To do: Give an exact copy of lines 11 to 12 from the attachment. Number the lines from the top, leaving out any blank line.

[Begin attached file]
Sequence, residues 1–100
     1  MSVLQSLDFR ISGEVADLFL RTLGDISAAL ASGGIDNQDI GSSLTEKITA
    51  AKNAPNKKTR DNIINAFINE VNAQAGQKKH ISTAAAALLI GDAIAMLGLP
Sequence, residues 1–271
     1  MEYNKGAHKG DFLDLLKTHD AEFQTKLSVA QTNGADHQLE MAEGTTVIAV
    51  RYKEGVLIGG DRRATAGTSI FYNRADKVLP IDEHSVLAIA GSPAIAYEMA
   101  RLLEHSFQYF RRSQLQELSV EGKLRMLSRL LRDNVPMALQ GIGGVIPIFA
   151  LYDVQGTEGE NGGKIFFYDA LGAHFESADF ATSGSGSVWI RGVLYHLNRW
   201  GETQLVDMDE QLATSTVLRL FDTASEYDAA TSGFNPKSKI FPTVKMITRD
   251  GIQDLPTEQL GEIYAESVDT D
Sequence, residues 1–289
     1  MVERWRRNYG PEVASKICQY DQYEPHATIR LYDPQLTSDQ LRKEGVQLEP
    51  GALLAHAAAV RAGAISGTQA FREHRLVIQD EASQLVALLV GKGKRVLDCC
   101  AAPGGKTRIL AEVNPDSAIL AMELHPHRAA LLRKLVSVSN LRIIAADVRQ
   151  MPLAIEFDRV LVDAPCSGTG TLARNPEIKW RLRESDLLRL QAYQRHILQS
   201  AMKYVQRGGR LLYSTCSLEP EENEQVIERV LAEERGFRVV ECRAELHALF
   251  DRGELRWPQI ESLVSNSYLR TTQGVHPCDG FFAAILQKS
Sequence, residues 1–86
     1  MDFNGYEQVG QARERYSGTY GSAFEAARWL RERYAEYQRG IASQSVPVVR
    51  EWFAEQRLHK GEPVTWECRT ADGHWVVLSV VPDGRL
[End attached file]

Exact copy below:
Sequence, residues 1–289
     1  MVERWRRNYG PEVASKICQY DQYEPHATIR LYDPQLTSDQ LRKEGVQLEP